I have a had various clients in the last few years who have been professional violinists. Some come hours before a concert, wanting me to fix them so they can play the concert without excruciating pain. Others come because they have had an issue for a while that they haven’t managed to deal with on their own, and want to improve.
One of last violinists came to see me because she had pain across her back whilst playing. I like to start with a musician playing their instrument, but at some point its important to realise the habits that cause a problem whilst playing are probably showing up whilst not playing too.
Another analogy – I have an uncle who used to always sit on his armed chair, leaning one way. One of the arms was squished beyond help, and the other was fine. Which doesn’t matter in itself if one leans one way some of the time, but when its day in, day out for many years – well, let’s just say it was absolutely no surprise to me that he suffered back pain. He was shortening himself on one side so often and so regularly that his brain stopped noticing.
This idea of noticing is paramount. Its when we are aware of something, or become aware of it that we can change it. Awareness is a tool in our “Improve It toolbox,” if you like. Perhaps when I sit to play I have more weight on one buttock than the other. Over time, those small compromises the rest of the body has to make to make that work on a daily basis may well be a compromise too far, and manifest as discomfort.
When we have weight evenly distributed it can support both sides of the body. Try it! An easy way to feel this is to stand up, and stretch both arms at shoulder’s height straight out to the sides. Then stand on one leg. Notice if one arm feels lighter/heavier or more/less supported than the other. (Clue: it will!) When we do this in playing it affects how the arms can function, and in string playing, the quality of sound or ease of left hand dexterity.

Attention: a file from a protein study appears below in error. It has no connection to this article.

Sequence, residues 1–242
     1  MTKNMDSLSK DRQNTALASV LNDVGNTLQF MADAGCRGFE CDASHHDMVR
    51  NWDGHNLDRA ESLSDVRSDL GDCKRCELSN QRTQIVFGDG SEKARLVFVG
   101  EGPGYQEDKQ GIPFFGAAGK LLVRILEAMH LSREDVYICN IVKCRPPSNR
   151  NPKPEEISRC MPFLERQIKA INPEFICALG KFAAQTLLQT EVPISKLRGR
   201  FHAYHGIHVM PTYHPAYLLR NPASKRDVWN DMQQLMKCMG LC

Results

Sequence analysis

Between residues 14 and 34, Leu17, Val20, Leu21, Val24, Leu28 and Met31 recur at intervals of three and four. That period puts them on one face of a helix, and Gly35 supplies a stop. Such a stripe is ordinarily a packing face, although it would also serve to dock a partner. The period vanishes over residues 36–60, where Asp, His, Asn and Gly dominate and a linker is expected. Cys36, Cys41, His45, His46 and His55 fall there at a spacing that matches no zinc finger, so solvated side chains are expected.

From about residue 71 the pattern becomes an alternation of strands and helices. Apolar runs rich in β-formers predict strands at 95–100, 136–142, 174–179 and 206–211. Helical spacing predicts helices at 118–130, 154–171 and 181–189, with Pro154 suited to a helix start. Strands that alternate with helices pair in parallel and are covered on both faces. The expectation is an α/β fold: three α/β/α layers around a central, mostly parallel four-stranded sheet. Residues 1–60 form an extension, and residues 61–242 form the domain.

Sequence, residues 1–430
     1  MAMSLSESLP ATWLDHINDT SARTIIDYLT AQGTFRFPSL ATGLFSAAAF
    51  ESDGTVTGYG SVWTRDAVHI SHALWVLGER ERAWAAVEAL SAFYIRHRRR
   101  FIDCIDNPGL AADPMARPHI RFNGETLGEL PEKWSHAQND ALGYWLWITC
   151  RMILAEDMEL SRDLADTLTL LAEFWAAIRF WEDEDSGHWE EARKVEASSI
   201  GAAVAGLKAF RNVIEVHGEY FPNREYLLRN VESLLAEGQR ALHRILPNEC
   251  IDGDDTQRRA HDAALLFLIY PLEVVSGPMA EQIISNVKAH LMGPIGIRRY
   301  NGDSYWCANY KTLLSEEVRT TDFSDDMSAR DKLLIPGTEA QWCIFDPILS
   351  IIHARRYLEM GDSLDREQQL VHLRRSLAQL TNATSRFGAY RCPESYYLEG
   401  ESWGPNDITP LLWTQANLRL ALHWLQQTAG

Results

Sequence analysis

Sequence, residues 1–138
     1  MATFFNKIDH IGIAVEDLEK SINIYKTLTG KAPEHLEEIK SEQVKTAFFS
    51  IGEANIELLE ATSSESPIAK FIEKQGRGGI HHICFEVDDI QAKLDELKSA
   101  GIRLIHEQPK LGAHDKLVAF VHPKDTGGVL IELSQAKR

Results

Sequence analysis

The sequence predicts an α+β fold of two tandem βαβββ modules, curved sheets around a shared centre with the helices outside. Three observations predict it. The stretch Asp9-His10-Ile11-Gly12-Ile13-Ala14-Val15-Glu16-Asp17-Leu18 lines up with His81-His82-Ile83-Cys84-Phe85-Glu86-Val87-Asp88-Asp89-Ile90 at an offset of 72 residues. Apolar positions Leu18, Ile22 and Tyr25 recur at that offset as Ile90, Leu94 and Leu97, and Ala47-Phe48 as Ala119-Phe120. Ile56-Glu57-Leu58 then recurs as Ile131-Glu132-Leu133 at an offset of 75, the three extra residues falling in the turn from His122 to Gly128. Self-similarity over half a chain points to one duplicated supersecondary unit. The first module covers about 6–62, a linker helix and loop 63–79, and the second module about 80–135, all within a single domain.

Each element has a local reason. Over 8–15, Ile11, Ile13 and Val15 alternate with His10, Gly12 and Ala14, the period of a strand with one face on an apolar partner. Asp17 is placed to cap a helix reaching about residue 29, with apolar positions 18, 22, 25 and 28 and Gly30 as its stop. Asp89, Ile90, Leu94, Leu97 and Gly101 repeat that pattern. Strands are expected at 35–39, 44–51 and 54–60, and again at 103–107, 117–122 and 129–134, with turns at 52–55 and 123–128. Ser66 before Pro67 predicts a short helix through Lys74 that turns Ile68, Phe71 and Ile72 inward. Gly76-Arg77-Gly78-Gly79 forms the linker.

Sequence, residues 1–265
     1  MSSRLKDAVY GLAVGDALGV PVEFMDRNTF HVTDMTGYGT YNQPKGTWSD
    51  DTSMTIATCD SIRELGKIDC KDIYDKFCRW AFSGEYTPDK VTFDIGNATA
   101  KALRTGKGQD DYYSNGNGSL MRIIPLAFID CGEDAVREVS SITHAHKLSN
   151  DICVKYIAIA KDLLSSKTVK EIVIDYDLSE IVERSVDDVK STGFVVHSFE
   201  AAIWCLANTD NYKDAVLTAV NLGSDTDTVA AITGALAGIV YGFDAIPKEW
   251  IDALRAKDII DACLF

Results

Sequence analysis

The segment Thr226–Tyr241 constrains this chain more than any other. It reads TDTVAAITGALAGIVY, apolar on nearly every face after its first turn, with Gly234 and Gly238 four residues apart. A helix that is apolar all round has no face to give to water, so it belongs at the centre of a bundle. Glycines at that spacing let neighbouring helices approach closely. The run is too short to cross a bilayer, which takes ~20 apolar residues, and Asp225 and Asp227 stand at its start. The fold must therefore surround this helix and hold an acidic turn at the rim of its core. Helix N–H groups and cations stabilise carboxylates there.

I like upper string players. I am one, so am uniquely positioned to understand and get where they’re coming from. We need our shoulders to work, and often they don’t. Over-use in cold, damp conditions when we’re tired and/or hungry does little to help our physical conditions- We’re athletes of the Tiny Muscles, but rarely do we give ourselves the treatment and attention that world class athletes demand.
I did one concert in a church whose affectionate nickname was “the Fridge”. But no-one thought to tell us. It was so cold the rosin wouldn’t melt with the friction of the bow, and we were reduced to 1/2 volume. I had to buy an extra layer in my break so I could still perform. I say this, not to complain (well, maybe a little), but to explain how as a musician the focus is on the end result, and often not the cause. And the effect can often be pain and stiffness after one of these kind of gigs.
So how can Feldenkrais help? By heightening our awareness of what we are doing, we can improve both the quality and range of motion of our movements. We all have this innate ability to learn movement, and we learn best when this is not goal oriented- think of a baby learning to roll over- its a stream of moving explorations that move the child to a different position- in the beginning the rolling is almost an accident. Its only later when the movement pattern has become clearer that it becomes a planned action. In the same way we can take complex movements apart again, and try new things out.
Here’s a short 20 minute lesson for you to try out for yourself. Find a chair with a hard-ish surface. Put both feet on the floor. Keep the movements within your comfortable range, don’t strain. Move slowly, and if its uncomfortable, do less: move smaller and slower. If its still uncomfortable, imagine the movements, it will still have a positive effect.
And, if you’re London based, and would like to come to a class, I am starting a new class “Feldenkrais Happy Hour!” on Saturdays, 6-7pm, at St Pancras Church House, Lancing St, NW1 1NA (opposite Euston Station. Get in touch if you’d like to know more.
Pictures: Thomas Farnetti ; Jonathan Borba Unsplash